Where Bugs Really Go To Die, Your Product Documentation

Saturday, August 3, 2013 – 3:09 AM

From somewhere not so agile and written from a documentation writer’s perspective.

We’ve all heard this story…

Too many bugs to fix for the Beta 1 milestone? Punt them to Beta 2. Of course during the Beta 2 milestone you fix some of the high priority bugs from Beta 1 but find more bugs in Beta 2. Still too many bugs? Punt them to the Final Release milestone. Fix some more bugs, find some more bugs. Hopefully your team is fixing them fasted than they are finding them so things slowly improve. But now there’s nowhere to go.

So you start pushing the bugs that can’t be fixed to documentation. It’s so easy. All you have to say is “we’ll just document that”. Say it enough times and “No Bugs!” simple.

This has a couple of unappreciated and unintended consequences…

Firstly this makes the documentation writer’s job much harder. Explaining each of those weird little caveats takes far more effort than you might imagine. Good writers are trying to show your product in the best possible light. That’s hard when they’re trying to cover up all the defects.

Secondly you end up with lengthier hard to read product documentation full of caveats and additional information describing the weird product behavior all those bugs caused.  This doesn’t really change anything. “Fix” or “Don’t Fix”. All postponing to the next milestone or release does is drive unseen work downstream and adds risk to the project as some bugs may be hiding large work items. For the most part get the bug fixed immediately; this iteration or the next. This has the added benefit of not cluttering up your bug tracking system with postponed bugs. I’ve seen bug tracking systems with thousands of bugs that just hung around, they were never going to get fixed. Rank bugs alongside new product features. Rank them during iteration planning. Get the Product Owner to choose between new work and fixing defects.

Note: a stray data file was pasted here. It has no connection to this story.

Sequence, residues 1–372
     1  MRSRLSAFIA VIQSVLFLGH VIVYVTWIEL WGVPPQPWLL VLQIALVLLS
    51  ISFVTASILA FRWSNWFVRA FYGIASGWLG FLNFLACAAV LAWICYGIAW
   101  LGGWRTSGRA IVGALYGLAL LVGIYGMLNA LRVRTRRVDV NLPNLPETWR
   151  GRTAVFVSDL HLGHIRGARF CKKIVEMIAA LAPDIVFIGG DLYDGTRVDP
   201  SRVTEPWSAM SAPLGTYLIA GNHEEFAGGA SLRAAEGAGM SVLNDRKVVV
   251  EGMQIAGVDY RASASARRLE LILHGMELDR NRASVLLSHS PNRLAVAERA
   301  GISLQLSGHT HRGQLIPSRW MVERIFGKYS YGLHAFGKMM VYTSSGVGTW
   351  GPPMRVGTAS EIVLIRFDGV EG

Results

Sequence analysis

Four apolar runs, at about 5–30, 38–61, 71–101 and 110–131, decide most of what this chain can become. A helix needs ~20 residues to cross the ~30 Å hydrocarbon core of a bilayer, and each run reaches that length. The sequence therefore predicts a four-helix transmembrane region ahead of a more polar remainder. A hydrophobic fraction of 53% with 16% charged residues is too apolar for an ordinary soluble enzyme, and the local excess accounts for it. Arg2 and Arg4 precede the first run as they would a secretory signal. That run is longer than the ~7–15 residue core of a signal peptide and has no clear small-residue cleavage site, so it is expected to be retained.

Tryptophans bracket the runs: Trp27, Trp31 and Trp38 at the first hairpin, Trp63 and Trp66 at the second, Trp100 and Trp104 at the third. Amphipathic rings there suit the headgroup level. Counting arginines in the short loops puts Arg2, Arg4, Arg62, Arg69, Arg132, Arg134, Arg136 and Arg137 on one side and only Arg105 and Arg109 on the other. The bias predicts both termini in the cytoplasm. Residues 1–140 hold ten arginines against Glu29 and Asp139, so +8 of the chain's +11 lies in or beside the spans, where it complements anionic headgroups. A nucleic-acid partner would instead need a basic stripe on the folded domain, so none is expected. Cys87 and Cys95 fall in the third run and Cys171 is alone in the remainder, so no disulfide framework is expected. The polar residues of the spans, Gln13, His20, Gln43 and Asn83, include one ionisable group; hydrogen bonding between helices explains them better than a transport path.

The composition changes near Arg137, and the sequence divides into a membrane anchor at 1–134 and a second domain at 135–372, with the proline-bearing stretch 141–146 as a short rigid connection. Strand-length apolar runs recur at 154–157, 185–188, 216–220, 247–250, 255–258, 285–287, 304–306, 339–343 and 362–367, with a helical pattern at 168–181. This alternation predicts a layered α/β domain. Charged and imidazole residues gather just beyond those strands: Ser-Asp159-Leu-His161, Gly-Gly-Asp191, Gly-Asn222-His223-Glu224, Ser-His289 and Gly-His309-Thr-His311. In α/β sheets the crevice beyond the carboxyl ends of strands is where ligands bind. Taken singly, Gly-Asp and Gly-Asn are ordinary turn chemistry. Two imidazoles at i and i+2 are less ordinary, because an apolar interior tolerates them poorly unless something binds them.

Use your writer’s skills. Really you want a writer on the team from really early in the project. Writers, like good testers, can give you a lot of feedback on how usable your product is. If your writer is telling you something is going to be hard to explain to users then it’s fair to think it’s going to be hard for users to understand.

Quantify your bug debt. Use historical fix rates or estimate them in iteration planning. The Product Owner may be tempted to try and push lots of small bugs out by prioritizing features ahead of them. One way to get them thinking is to tell them that if they wanted to ship today and didn’t want to ship with any of those bugs then it’ll take another X days to really be done.

Don’t be afraid to cut. Don’t integrate bug ridden features and don’t be afraid to cut features that have unexpected bugs. It’s far easier to tell users that something isn’t supported than it is to guide them through a series of word around steps to get a badly written feature to work.

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